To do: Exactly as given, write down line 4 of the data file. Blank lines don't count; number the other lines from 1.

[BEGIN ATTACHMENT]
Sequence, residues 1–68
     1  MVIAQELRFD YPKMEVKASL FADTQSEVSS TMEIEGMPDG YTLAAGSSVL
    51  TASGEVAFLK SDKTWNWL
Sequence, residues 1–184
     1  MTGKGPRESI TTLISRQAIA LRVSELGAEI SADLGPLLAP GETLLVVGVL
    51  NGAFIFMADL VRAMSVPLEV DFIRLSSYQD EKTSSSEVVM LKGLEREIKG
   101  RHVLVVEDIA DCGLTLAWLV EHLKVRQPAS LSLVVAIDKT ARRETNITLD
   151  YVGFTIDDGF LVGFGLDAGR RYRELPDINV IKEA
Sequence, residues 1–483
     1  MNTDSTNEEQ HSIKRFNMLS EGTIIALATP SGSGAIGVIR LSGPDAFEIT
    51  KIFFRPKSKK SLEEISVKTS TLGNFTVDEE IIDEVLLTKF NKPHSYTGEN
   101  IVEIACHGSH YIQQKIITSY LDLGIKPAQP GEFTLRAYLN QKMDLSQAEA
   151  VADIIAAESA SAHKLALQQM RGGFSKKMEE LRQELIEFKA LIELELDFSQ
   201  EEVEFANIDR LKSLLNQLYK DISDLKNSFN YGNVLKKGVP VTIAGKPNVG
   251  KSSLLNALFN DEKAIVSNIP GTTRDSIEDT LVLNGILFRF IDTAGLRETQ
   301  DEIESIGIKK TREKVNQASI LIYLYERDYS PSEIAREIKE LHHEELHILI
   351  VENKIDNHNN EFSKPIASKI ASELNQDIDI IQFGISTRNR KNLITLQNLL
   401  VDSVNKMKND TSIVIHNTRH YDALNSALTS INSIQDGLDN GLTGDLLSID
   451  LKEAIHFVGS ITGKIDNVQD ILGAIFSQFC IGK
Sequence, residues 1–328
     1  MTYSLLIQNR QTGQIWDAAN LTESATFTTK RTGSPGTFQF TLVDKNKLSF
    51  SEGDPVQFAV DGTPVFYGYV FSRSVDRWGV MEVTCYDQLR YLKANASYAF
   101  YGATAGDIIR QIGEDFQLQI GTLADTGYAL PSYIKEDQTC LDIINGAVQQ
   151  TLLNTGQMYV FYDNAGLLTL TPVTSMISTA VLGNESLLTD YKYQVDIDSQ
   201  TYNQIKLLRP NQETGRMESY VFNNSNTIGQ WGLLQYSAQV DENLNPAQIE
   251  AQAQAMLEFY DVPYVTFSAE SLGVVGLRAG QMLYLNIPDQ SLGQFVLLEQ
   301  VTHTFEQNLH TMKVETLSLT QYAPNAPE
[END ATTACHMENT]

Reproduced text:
Sequence, residues 1–184